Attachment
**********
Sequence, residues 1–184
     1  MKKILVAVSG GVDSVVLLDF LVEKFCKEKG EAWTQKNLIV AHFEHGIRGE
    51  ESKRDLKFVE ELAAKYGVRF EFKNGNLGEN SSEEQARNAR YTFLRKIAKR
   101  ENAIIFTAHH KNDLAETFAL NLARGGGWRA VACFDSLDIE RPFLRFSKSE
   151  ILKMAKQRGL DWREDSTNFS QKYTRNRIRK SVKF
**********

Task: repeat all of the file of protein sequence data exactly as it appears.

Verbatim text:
Sequence, residues 1–184
     1  MKKILVAVSG GVDSVVLLDF LVEKFCKEKG EAWTQKNLIV AHFEHGIRGE
    51  ESKRDLKFVE ELAAKYGVRF EFKNGNLGEN SSEEQARNAR YTFLRKIAKR
   101  ENAIIFTAHH KNDLAETFAL NLARGGGWRA VACFDSLDIE RPFLRFSKSE
   151  ILKMAKQRGL DWREDSTNFS QKYTRNRIRK SVKF